4. Kalman gain computation :
$${\mathbf}g_k = {\mathbf}P_{k|k-1} {\mathbf}J_k^T s_k^{-1}.$$
5. Update step (estimate and covariance) :
$$\hat{{\mathbf}x} = \hat{{\mathbf}x}_{k|k-1} + {\mathbf}g_k i_k, \quad {\mathbf}P_k = ({\mathbf}I_8 - {\mathbf}g_j {\mathbf}J_k){\mathbf}P_{k|k-1}.$$
We can initialize $\hat{{\mathbf}x}_0 = {\mathbf}0$ and
${\mathbf}P_0 = 100 {\mathbf}Q$ for example (weak information on drift
nor in initial position and thus a strong uncertainty).
Implementation
==============
The implementation is done in `C` language
Matricial features
------------------
Findable in the `matrix.c/h` file set.
### Setting your arithmetical precision
You can choose your arithmetical precision by setting the file
`precision_floating.h` using an alias `fl` for all floating point
variables. If you change the alias thus you change the precision of your
calculus.
### Simple operations
#### Matrix struct :
A matrix is composed of two 16-bits integers representing its size.
Moreover a buffer, is representing the `fl` type coefficient of your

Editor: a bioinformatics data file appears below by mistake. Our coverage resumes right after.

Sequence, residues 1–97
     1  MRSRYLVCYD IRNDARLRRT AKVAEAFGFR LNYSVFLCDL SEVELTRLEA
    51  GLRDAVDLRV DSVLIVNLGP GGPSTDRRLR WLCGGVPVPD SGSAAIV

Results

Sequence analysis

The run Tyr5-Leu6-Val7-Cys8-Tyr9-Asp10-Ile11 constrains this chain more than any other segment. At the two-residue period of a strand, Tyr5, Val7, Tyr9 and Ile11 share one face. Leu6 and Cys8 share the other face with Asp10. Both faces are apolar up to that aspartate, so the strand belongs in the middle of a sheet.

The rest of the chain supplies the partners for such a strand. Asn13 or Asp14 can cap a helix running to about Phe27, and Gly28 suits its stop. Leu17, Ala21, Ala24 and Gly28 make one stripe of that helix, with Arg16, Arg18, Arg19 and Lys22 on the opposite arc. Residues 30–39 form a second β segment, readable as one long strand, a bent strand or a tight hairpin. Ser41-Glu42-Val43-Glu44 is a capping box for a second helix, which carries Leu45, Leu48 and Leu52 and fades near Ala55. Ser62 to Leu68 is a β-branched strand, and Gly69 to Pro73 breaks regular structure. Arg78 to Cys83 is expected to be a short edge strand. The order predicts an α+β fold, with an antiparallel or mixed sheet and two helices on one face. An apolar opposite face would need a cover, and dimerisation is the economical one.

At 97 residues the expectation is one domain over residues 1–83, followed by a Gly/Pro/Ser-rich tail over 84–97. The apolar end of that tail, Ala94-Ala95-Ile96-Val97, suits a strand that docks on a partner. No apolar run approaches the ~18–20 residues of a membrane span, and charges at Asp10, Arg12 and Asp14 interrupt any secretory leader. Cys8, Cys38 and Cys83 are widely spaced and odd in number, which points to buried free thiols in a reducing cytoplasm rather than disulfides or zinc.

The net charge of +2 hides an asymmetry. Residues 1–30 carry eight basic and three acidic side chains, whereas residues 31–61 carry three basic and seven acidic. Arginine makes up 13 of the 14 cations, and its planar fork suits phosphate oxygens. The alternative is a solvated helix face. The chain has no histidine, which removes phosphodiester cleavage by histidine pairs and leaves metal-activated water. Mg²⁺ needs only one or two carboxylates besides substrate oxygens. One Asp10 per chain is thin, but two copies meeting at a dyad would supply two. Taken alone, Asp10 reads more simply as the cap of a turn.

matrix. We have to allocate memory to this buffer before following
further calculus. When you declare a matrix you must call the allocation
process.
#### Allocation :
We can allocate memory to the matrix buffer by simply calling the
function `createMatrix(uint16_t n_rows,uint16_t n_columns)`. It has to
be done for each matrix.
#### Reset a matrix :
By reset, I mean set to zero each coefficient, this is feasible thanks
to `mzeros(matrix M)`.
##### *Caution :*
For each the following functions, the first argument is the return
value. Be aware that the correct way to compute the results are to use
three (resp. two) different matrix structures. For example